Johnny and Mary read the following question:

“On a map of scale 1

**:**20 000 the area of a forest is 50 cm^{2}. On another map the area of the forest is 8 cm^{2}. Find the scale of the second map.”
(Extended Mathematics for IGCSE. David Rayner. Oxford University Press ISBN 978-0-19-913874-6 )

Mary starts with the linear map scale. She knows that 1

**:**20 000 is a 'unitless' ratio. It could be 1 inch to 20 000 inches, 1 cm to 20 000 cm or possibly 1 'little green men' Martian mile to 20 000 'little green men' Martian miles. The reason the ratio is unitless is that a : b can also be written as (a cm**/**b cm) and then 'cm' cancels. Nevertheless, restoring the units and converting within the metric system makes the problem easier for Mary to visualise.
1 cm

**:**20 000 cm
1 cm

**:**200 m, as there are 100 cm in a metre
1 cm

**:**0**.**2 km, as there are 1000 m in a km. Of course, Mary could have converted directly from cm to km, using 10 ^ (-2 - 3) = 10^(-5) as her conversion factor.
Now Mary imagines a forest with a rather irregular perimeter.

(Google Maps: Montreal, QC, Canada)

She remembers placing a leaf on a square grid in Year 6 to estimate its area.

Consequently, she thinks to take a pair of scissors and cut the forest up in little green squares. Each square will be exactly 1 cm long and exactly 1 cm wide. She imagines cutting out 50 such squares, some of which might have to be glued together from various odds and ends.

Each square cm represents 0

**.**04 km^{2}^{2}to 0

**.**04 km

^{2}is the areal ratio of the map.

Algebraically, Mary inputs a ratio into a function machine and gets out a fraction: 1 cm

**:**0**.**2 km → (1cm/0**.**2 km)
Her next function machine is a squaring machine: (1cm/0

**.**2km) → (1cm/0**.**2km)^{2}
Her next function machine expands the brackets (1cm/0

**.**2km)^{2}→ 1cm^{2}/ 0**.**04 km^{2}^{}

Her final function machine converts the fraction back to a ratio: 1cm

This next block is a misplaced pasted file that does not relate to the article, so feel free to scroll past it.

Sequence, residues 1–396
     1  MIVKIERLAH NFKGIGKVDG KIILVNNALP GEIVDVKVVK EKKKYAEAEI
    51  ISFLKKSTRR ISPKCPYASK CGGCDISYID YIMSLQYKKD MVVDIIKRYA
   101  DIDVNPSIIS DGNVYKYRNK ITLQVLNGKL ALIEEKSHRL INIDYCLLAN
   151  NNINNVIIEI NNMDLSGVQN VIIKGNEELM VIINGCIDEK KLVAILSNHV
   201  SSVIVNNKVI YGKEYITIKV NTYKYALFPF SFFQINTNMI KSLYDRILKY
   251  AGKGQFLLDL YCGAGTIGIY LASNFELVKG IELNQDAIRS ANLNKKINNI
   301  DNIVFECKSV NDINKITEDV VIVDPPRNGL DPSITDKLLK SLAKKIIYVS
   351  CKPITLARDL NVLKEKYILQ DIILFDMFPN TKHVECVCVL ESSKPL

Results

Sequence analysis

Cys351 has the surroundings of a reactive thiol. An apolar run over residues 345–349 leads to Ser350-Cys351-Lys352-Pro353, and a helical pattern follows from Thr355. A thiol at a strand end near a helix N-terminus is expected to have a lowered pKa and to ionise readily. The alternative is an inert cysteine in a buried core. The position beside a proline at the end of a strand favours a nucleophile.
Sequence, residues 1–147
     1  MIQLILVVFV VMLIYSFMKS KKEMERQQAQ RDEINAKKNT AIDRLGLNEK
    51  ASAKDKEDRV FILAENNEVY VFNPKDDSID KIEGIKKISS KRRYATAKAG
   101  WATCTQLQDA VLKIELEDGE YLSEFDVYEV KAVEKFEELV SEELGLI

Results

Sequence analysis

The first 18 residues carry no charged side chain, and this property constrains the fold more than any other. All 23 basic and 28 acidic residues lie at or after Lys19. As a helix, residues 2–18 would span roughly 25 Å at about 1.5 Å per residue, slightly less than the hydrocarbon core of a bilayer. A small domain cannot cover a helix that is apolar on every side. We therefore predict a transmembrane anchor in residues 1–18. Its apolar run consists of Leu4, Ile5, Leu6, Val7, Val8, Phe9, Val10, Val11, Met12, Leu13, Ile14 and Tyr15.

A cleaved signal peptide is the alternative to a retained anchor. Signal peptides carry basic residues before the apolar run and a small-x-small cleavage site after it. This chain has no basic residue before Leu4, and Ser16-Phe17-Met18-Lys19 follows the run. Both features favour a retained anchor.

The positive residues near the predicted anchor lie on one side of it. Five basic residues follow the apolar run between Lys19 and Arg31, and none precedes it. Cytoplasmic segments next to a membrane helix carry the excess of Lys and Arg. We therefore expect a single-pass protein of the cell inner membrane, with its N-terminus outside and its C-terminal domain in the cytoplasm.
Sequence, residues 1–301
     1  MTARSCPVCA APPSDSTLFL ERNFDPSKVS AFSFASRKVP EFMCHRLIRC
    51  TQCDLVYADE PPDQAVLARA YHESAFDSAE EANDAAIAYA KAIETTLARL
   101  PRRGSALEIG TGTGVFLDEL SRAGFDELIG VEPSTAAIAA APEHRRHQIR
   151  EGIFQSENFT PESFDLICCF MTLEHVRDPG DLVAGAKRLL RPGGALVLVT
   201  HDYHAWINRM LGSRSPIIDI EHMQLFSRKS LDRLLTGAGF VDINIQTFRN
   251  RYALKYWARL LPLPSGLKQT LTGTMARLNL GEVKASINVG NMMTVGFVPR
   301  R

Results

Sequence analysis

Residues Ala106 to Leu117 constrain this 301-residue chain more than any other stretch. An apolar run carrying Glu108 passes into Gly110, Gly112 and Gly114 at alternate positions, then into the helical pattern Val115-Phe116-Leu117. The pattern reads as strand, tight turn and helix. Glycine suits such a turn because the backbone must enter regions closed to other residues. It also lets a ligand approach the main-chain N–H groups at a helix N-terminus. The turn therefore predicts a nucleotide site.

^{2}/ 0**.**04 km^{2}→ 1 cm^{2}: 0**.**04 km^{2.}
Please note the arrows. The inputs are not equal to the outputs, so Mary knows it would be

__wrong__to jot down: 1cm/0**.**2 km = (1cm/0**.**2km)^{2}.
Since 1 cm

^{2}on the map represents 0**.**04 km^{2}on the ground, 50 cm^{2}will represent 50 times 0**.**04 = 2 km^{2}on the ground.
The new map scale uses 8 cm

^{2}to represent the same 2 km^{2}on the ground. Consequently it uses 1 cm^{2}to represent 2/8 km^{2}= 0**.**25 km^{2}. The areal scale of the new map is 1 cm^{2 }to 0**.**25 km^{2}. Mary knows she needs to take square roots of both sides to get the linear scale. The square root of 1 cm^{2}is just 1 cm. The square root of 0**.**25 km^{2}is 0**.**5 km. (While the square root of a counting number is smaller that the original number, it is not the case for fractions. You should recall that the square root of a fraction is larger that the number with which you begin.) Mary now knows the linear ratio of the new map is 1 cm to 0**.**5 km, i.e.,
1 cm : 500 m

1 cm : 50 000 cm

1 : 50 000

While Mary has been thinking of leaves, pretending to cut up the map and using function machines to convert between linear and areal scales and vice versa, Johnny has been mostly staring out the window and muttering incantations. Suddenly he begins to scribble furiously so that he and Mary annouce -virtually simultaneously- to the teacher, “The ratio for the new map is 1 to 50 000.”

As the class wants to know what Johnny was thinking, the teacher calls him to the white board where he writes:

The new areal map scale, A

**'**to the original areal map scale, A is 8 : 50 or equivalently 16 : 100.
But A = L

^{2}by definition of area and similarly A**'**= (L**'**)^{2}. I will make these substitutions.
(L

**'**)^{2}: L^{2 }is 16 : 100
However I want L

**'**and L, so I will square root everything.
Sqrt L

**'**^{2}to sq rt L^{2}is as sq rt 16 to sq rt 100
Thus L

**'**: L is 4 : 10
Converting the above line to fractional form, L

**'**/L = 4/10 or equivalently L**'**= 0.4 L.
Given L is 1 : 20 000, consequently L

**'**is 0.4 : 20 000 which is the same as 1 : 50 000. QED.
Conclusion:

While Mary does use algebraic ideas (particulary, function machines) it seems fair to say that her thinking is rather more 'concrete' (or dare I say, grounded) than Johnny's. Vice versa, Johnny's solution is much more abstract than Mary's. But which is better? Certainly, Mary's solution is more accessable to the average student. By contrast, most students appear to believe Johnny has pulled a rabbit from his magician's hat.

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